Standard background information: this analysis is based on tracking all tweets which contain links pointing to the URLs of a large selection of leading Australian news and opinion sites (even if those links have been shortened at some point). Datasets for those sites which cover more than just news and opinion (abc.net.au, sbs.com.au, ninemsn.com.au) are filtered to exclude irrelevant sections of those sites (e.g. abc.net.au/tv, catchup.ninemsn.com.au). For our analysis of ‘opinion’ link sharing, we include only those sub-sections of mainstream sites which contain opinion and commentary (e.g. abc.net.au/unleashed, articles on theaustralian.com.au which include ‘/opinion’ in the URL), and compare them with dedicated opinion and commentary sites.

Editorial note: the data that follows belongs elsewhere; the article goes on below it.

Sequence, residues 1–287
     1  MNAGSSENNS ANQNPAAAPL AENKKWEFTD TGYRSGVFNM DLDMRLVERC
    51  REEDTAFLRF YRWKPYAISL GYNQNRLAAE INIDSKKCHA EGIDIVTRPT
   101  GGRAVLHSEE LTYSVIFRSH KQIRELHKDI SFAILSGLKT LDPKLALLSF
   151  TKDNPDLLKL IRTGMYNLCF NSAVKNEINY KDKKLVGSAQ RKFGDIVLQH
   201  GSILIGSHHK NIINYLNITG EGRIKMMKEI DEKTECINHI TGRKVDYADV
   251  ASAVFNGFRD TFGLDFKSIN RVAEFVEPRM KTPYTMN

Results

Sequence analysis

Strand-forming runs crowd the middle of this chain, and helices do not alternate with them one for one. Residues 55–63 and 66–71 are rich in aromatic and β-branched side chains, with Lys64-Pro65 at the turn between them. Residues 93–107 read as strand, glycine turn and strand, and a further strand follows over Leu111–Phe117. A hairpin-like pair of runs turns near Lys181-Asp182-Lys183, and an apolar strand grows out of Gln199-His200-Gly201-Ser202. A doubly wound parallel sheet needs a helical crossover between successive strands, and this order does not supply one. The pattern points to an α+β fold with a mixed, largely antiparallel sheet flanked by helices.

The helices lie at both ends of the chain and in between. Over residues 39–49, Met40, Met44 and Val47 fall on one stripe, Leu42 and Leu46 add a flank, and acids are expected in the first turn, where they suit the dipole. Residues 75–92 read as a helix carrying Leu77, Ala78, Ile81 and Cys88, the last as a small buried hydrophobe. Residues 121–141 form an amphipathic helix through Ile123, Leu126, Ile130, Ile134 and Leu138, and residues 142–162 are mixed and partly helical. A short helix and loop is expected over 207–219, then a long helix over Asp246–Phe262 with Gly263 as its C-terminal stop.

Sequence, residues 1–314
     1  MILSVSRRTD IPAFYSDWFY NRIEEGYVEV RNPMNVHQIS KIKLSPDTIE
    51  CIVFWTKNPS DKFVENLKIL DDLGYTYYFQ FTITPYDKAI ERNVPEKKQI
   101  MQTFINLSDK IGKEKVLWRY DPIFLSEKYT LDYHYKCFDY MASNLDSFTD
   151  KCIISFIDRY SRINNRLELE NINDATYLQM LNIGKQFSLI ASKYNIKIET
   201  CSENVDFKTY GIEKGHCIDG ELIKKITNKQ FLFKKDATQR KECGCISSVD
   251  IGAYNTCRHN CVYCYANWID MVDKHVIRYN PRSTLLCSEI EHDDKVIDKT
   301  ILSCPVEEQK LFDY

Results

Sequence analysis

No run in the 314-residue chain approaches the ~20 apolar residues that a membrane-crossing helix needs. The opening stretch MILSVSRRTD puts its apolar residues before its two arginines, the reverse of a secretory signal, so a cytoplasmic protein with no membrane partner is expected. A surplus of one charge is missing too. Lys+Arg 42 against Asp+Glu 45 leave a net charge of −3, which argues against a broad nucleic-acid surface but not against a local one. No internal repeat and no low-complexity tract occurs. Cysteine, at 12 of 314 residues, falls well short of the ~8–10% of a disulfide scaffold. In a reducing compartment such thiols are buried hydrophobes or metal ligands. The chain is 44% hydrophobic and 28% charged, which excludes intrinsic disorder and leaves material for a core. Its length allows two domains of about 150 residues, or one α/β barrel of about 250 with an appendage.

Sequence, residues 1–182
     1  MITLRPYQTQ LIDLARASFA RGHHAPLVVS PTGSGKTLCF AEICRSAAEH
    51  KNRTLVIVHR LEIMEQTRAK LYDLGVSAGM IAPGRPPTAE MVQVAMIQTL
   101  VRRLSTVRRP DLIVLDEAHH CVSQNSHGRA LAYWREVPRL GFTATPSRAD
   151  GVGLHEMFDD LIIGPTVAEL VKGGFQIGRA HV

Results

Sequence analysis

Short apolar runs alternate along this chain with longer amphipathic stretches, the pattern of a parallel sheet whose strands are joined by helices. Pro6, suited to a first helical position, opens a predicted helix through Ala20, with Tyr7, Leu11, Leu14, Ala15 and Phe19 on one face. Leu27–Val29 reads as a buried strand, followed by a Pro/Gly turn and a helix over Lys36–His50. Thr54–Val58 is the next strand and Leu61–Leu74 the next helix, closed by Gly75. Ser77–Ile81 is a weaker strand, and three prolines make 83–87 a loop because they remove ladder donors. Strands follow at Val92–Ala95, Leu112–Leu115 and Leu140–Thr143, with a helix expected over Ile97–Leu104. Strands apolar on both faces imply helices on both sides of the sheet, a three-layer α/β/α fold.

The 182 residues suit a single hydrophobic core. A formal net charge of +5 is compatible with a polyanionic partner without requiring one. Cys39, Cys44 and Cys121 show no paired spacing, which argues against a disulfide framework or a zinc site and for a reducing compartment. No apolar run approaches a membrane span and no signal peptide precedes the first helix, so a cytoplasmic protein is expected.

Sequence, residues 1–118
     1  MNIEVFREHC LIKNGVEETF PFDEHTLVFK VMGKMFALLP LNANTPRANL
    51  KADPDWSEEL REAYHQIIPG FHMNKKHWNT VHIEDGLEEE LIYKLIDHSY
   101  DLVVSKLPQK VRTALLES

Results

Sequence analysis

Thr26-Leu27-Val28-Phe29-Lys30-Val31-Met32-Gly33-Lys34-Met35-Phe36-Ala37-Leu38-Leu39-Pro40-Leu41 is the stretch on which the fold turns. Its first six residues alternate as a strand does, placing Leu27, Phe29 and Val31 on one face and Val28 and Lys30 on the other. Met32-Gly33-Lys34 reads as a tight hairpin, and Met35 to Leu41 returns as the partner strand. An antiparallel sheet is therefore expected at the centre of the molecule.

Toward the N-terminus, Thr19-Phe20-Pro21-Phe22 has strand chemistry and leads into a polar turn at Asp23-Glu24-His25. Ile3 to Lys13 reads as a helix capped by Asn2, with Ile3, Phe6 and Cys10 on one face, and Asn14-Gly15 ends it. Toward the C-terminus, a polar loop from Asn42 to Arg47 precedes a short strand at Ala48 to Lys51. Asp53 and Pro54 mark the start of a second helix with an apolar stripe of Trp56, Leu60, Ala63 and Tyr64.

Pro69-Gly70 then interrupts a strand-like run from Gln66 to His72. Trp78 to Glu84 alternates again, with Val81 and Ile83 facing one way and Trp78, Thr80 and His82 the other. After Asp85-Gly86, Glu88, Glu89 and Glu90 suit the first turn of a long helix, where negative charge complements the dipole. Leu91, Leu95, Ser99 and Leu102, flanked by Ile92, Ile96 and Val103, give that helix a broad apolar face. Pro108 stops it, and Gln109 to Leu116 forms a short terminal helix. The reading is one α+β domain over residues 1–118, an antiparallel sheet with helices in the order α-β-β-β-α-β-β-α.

See the posts tagged ‘ATNIX’ at Mapping Online Publics for a full collection of previous results.